When using the PLUSNative dynamic-link library (PLUSNative.dll) you should not distribute the PLUSNative import library (PLUSNative_dllimport.lib) with your application.
Protection PLUS 5 SDK license files are generally not distributed with an application. When using read-only license files, they must be issued by SOLO Server during activation. When using writable license files, such as for unmanaged evaluations/trials that do not require activation, the license files are generated the first time the application runs. Depending on where you choose to store your application's license files, you may need to set permissions on these locations during installation so that your application has write access and can save it's license files when it runs or is activated. Permissions can be set on the directory or file level. If you desire to set permissions on the file level, you can install a blank (empty) license file as a placeholder during installation.
The SK_PermissionsGrantControlToWorld function is provided to assist in setting such permissions, and can be used in a separate helper application you create and call from within your application's installer.
Microsoft Office applications (such as Word, Excel, Access, etc...) may run in a ClickToRun environment. This environment has known limitations that make it problematic for licensed Office add-ins and macros to use global locations. Consequently, licensed add-ins and macros that target these environments should only use user-specific locations for licenses and aliases. See this knowledge-base article for more details.
When using writable licenses, PLUSNative automatically attempts to set permissions on the license file and the aliases when they are saved. You can use this to your advantage by creating a separate helper application that creates and saves the initial the license file and aliases, or add a custom command-line switch to your application that allows it to do this silently. This would enable you to call the helper application or your main application (with the command-line switch) from your installer.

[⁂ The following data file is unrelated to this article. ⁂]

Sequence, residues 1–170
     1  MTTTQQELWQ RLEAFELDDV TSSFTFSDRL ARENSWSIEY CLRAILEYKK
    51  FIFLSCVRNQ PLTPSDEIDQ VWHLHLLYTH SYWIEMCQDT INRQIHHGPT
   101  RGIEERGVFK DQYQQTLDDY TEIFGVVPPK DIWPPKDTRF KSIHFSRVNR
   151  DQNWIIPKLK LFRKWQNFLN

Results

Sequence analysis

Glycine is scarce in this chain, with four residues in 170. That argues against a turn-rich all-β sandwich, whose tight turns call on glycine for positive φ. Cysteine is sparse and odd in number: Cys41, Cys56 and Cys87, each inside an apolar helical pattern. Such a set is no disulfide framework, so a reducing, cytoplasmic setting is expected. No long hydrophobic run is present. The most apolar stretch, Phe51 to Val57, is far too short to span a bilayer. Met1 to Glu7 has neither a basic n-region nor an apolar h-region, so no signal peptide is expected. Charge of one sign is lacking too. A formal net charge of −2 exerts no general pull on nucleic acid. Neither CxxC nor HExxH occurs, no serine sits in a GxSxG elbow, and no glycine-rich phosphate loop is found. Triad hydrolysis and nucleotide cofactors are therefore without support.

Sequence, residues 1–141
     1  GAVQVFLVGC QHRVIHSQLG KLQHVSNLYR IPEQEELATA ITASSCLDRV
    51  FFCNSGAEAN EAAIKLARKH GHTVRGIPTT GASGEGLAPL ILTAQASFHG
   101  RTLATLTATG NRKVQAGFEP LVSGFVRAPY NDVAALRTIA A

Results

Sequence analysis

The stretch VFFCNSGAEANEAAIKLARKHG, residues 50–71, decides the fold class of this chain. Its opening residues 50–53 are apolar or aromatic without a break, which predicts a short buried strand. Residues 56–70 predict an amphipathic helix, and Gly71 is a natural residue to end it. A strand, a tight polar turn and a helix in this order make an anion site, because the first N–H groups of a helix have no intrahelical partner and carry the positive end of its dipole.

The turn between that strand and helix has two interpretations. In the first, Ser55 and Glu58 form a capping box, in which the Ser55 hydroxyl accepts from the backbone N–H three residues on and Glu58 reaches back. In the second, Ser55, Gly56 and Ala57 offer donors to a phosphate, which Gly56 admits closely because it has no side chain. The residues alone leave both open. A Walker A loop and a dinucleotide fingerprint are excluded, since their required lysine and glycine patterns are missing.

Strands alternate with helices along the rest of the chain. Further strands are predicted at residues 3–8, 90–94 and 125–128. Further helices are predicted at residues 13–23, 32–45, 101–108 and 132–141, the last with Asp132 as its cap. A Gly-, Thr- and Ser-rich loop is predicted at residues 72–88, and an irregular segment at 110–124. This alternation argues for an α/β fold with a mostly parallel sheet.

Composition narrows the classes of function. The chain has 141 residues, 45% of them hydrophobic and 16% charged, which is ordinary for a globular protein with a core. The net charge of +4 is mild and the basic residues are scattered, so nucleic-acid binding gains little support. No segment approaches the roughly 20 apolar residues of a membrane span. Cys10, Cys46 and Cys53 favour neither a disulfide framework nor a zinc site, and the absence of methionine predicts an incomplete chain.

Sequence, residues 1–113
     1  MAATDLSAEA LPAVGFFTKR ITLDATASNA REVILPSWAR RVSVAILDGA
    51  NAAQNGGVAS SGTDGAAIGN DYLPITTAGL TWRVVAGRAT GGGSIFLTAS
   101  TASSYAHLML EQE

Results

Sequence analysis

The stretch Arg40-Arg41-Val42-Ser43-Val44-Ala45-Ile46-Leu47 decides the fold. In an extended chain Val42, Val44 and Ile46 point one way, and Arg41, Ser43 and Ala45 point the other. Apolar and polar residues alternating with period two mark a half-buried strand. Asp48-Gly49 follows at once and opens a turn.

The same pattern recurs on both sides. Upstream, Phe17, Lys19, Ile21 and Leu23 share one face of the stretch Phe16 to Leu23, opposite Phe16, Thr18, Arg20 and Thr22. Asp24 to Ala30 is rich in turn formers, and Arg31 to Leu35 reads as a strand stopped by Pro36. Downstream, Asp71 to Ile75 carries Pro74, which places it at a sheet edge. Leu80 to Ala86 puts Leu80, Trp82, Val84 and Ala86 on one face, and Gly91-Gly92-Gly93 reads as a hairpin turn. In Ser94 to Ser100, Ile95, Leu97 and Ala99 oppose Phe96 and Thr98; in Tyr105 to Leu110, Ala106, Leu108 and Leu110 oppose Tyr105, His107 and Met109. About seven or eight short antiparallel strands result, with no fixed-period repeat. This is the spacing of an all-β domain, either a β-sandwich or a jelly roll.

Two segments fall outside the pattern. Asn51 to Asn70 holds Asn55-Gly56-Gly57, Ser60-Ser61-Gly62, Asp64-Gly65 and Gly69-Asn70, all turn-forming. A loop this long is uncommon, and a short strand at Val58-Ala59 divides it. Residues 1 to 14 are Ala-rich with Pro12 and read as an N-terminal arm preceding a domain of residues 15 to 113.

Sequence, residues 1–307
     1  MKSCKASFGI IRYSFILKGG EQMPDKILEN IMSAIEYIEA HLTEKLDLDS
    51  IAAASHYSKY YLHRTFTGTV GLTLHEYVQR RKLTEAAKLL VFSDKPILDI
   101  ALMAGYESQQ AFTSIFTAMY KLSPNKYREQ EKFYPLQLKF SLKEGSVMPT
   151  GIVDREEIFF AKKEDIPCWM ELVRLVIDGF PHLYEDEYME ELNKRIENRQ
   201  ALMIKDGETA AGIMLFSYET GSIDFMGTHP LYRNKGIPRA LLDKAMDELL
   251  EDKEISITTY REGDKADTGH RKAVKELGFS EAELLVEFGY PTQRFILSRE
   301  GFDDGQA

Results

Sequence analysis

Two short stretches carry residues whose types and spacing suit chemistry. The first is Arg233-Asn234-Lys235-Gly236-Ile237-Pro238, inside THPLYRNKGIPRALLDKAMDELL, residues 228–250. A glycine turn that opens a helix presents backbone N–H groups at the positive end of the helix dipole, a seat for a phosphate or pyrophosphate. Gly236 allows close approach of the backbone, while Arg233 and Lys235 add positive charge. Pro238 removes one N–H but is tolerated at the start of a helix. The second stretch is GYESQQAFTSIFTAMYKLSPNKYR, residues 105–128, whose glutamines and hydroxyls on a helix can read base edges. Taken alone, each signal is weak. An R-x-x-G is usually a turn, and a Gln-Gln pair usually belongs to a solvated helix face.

It is recommended to use SSL when communicating with SOLO Server using web service calls. In order for SSL to function, the client certificate (and any intermediate certificates) for your root certificate authority (CA) must be installed on the system. On OS X, the certificates in the Keychain will be used. On Windows, the certificates in the Certificate Store will be used. On these platforms, you can generally depend on the OS to manage these certificates and there are no extra distribution requirements.
On Linux, there are a number of common locations where certificates can be found, and PLUSNative will search these locations consecutively looking for a certificate bundle to use. The location and order PLUSNative will search is listed below:
The first certificate bundle found will be used. If the required client certificate is not found in the certificate bundle communication over SSL will fail, even if the certificate is present in one of the other certificate bundles located on the system.
PLUSNative will automatically attempt to fall-back to a plain-HTTP request (unless the SK_FLAGS_REQUIRE_SSL flag was specified in the API Context or function call). Although SSL is preferred, the web service requests are typically encrypted. If you are not encrypting the web service requests, however, this means all of the data will be transmitted as plain-text if communication over SSL fails.